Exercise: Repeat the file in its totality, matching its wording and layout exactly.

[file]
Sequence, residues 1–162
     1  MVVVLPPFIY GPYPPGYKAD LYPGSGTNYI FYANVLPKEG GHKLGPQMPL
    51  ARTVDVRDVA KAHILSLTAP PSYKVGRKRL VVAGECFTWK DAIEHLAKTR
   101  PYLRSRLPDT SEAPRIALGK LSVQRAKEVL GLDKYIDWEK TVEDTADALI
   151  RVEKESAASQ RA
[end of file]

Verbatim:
Sequence, residues 1–162
     1  MVVVLPPFIY GPYPPGYKAD LYPGSGTNYI FYANVLPKEG GHKLGPQMPL
    51  ARTVDVRDVA KAHILSLTAP PSYKVGRKRL VVAGECFTWK DAIEHLAKTR
   101  PYLRSRLPDT SEAPRIALGK LSVQRAKEVL GLDKYIDWEK TVEDTADALI
   151  RVEKESAASQ RA